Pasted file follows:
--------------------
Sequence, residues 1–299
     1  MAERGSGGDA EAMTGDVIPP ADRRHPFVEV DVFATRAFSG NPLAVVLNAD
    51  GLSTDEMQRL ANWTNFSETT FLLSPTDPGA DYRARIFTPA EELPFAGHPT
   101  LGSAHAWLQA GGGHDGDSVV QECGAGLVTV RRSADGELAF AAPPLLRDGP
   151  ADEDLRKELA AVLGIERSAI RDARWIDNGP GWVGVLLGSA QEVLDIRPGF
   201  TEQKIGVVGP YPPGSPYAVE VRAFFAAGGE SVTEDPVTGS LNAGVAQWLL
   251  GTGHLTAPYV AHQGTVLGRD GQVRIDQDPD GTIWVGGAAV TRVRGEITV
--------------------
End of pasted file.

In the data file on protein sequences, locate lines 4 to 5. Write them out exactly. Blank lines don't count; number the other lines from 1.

   101  LGSAHAWLQA GGGHDGDSVV QECGAGLVTV RRSADGELAF AAPPLLRDGP
   151  ADEDLRKELA AVLGIERSAI RDARWIDNGP GWVGVLLGSA QEVLDIRPGF